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A/B Testing

A/B split testing is a method of comparing a variety of single-variable test samples to determine which changes will improve response rates. A/B testing is used heavily in web marketing to optimize page design by seeing which design combinations work, and which ones don’t. Using this testing technique, a webmaster can experiment with variations of calls to action, color schemes, wording, forms, layouts, and pricing on their pages to find the optimal configurations that maximize conversions.

These tests are executed by running two variations concurrently, wherein one portion of your audience sees a control page and the rest of your visitors see the altered page. By measuring and comparing conversion rates of the two versions over time, you can analyze the results to find out which variation produced the most conversions. Conceptually, it is a relatively simple process and is illustrated in the diagram below from Smashing Magazine:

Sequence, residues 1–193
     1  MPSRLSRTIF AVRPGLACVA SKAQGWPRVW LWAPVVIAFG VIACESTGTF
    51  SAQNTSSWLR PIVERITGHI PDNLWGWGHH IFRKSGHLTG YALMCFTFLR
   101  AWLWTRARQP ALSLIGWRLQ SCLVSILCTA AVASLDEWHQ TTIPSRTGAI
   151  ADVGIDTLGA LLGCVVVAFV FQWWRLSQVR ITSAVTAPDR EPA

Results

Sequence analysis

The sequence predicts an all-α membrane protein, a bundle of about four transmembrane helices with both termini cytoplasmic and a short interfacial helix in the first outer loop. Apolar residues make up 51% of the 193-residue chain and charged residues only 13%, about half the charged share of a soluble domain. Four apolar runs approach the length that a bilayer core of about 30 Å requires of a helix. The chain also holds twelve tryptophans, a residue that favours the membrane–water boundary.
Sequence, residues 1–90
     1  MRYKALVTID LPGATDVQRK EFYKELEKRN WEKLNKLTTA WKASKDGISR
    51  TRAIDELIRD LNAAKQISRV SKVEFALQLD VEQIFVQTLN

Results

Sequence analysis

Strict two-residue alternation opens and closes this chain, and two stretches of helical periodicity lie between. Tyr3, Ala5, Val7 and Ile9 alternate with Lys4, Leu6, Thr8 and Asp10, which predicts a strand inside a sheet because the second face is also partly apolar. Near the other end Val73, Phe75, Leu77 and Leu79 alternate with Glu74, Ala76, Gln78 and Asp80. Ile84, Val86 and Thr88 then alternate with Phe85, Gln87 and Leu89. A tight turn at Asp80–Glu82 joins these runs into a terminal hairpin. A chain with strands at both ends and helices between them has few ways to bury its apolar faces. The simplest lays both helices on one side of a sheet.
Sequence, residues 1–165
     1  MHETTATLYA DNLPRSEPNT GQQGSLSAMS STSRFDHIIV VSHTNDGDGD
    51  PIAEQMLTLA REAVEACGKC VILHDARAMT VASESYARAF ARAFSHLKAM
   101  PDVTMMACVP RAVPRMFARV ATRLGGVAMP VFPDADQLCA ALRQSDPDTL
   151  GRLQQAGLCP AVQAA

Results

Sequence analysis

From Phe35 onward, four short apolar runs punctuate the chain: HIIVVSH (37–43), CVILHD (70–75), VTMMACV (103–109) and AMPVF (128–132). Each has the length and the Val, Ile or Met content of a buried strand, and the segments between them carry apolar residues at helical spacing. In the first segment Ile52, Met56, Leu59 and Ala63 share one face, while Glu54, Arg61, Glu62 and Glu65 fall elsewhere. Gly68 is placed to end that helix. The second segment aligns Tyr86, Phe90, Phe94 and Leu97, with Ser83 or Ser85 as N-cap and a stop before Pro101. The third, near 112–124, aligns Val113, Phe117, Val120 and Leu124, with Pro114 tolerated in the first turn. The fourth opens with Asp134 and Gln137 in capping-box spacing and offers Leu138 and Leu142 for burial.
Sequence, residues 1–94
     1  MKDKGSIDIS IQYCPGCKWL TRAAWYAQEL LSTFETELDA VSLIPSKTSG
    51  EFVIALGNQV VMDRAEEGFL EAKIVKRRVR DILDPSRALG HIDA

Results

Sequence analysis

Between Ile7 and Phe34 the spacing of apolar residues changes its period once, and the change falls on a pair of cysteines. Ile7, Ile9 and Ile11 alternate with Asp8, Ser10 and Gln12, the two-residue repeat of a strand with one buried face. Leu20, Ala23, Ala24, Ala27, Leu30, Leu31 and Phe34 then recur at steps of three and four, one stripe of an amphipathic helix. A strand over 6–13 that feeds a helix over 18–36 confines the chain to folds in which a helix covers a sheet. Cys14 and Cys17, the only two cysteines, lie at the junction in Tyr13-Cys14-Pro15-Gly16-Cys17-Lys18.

A/B Testing Chart

Technically, there are a number of moving parts needed to make the testing possible, which can complicate the process. Your web application must have the logic in place to either deliver multiple flavors of a given page or redirect specific visitors to entirely different pages and be able to track conversion rates for each test. Many organizations rely on A/B tools available in the marketplace to handle this task, which can involve redirects, additional scripts, and altered page delivery.

Here is where issues often arise… The introduction of this logic, whether 3rd party or homegrown, brings about additional fail points and performance bottlenecks in money-making conversion paths.

Slower, less reliable applications will have lasting negative effects on a company’s conversion rates, sales volumes, and brand name. Because of this potential pitfall, you should monitor the performance and availability of your click paths. Rigor can help by using transaction checks to track the quality of the A/B testing system from end to end. By using Rigor, you can verify that both versions–and the system as a whole–are performing as designed and not frustrating your users.

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